Now, I’ve discussed the squad at length, and I haven’t really mentioned Mourinho’s impact thus far – which might lead some to believe he’s innocent in this affair. Unfortunately, that isn’t the case. It’s not Mourinho’s fault that additions to the squad weren’t made, as it was well documented during the transfer window that high profile, expensive targets were avoided by Chelsea FC owner Roman Abramovich for whatever reason. What they needed were established names that could take the burden off of stalwarts like John Terry and Ivanovic. What they got were youngsters that may turn into those established names, but not any time soon.
That being said, what is Jose Mourinho’s fault is how he has reacted to Chelsea’s aberrational plummet. We all know he’s a divisive and prickly figure, but he has reached the zenith of what has been a developing habit of asocial egoism. Beginning at Inter Milan, where his tenure was characterised by insulting antagonism of fellow managers and the Italian press, he quickly gained the reputation of mouthy upstart. His indomitable record protected him from too much criticism from fans or pundits though. When he departed for Spain to manage Los Blancos, his forays into controversy followed closely behind. He developed a fractious relationship with then Barcelona manager Pep Guardiola, which was swiftly followed by causing divisions within the Madrid dressing room. After freezing out Iker Casillas, a club legend, he created an untenable position in Spain that caused several players to allegedly question his methods. On the way to his return to Chelsea from Madrid he made many enemies in the Spanish press, a habit from his time in Italy, and a mainstay of his current tenure with Chelsea.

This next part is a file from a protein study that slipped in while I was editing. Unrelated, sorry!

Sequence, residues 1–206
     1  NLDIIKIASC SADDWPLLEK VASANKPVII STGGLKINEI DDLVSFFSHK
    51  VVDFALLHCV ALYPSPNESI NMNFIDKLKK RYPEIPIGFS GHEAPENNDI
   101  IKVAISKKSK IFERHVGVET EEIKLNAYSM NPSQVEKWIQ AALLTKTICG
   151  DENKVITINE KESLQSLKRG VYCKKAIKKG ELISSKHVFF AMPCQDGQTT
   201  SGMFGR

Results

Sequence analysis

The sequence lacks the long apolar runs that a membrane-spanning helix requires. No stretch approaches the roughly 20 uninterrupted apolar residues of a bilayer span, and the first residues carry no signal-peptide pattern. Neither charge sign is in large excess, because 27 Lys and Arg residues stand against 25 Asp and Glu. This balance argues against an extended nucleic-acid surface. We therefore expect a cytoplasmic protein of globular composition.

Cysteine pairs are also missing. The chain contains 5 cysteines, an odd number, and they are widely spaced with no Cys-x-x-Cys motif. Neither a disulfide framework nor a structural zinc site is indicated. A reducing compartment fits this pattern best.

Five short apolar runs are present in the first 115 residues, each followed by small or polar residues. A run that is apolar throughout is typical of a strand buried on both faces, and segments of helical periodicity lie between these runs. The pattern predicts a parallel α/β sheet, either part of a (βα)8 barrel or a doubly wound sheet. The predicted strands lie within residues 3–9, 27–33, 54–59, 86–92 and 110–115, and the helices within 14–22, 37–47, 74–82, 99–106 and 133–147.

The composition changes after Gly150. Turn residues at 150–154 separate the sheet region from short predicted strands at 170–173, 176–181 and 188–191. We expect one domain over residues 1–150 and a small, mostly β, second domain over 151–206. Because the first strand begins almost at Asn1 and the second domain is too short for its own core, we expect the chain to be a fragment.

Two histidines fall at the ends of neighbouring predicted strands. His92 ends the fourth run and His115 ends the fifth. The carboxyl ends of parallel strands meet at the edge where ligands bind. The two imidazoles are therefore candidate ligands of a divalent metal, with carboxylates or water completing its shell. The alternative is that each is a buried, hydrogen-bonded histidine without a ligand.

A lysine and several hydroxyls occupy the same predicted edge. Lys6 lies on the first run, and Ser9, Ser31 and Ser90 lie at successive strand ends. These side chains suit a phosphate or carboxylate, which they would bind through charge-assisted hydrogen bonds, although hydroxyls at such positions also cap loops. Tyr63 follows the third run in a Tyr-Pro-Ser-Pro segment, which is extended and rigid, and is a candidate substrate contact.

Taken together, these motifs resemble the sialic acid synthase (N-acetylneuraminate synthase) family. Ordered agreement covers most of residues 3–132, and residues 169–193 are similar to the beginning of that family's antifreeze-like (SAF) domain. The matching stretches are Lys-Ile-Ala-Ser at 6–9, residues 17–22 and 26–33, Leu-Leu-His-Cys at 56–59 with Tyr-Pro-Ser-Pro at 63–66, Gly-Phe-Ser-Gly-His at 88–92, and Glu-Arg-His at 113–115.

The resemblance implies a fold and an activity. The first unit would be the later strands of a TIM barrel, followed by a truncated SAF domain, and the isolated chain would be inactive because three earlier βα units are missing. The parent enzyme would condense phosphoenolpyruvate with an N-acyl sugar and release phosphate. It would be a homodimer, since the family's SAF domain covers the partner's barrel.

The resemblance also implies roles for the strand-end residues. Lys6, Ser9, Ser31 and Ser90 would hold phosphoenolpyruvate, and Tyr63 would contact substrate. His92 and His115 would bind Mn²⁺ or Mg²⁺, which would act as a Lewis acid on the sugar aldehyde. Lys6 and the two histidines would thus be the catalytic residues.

Over the last ten years of his career a trend has become apparent. When Jose Mourinho is winning; he is the Special One, he is confident, he smiles, and he jokes. When he loses, the isolated siege mentality comes to the fore with predictable bitterness. At Inter he insulted fellow managers and journalists, at Madrid he poked a fellow professional in the eye after a match, created divisions within his dressing room and continued his antagonism of the press. So far at Chelsea, he has chastised a team doctor on the pitch, thrown several of his first team players under the bus in post-match conferences, and accused the English FA of pursuing an agenda against Chelsea Football Club with biased officiating decisions. Across his career it is clear that when the going gets tough, Mourinho looks outwards to assign the blame.
There is a marked similarity between in his behavior right now and his behavior when he has left clubs previously. The murmurs from the press and fans have begun. With each loss, each odd selection decision, like playing a wide forward at left-back, he coaxes Roman Abramovich closer and closer to dropping the axe. If Chelsea are to resurrect this season, either Mourinho has to take responsibility for their revival, or the Chelsea board will have to find a candidate capable of captaining what appears to be a quickly sinking ship. Entertaining personality he may be, but the football community, Chelsea fans included, appear to be tiring of his antics and bad performances. Can Chelsea’s season be saved by Mourinho, or do they need a calmer hand to lead them up the table?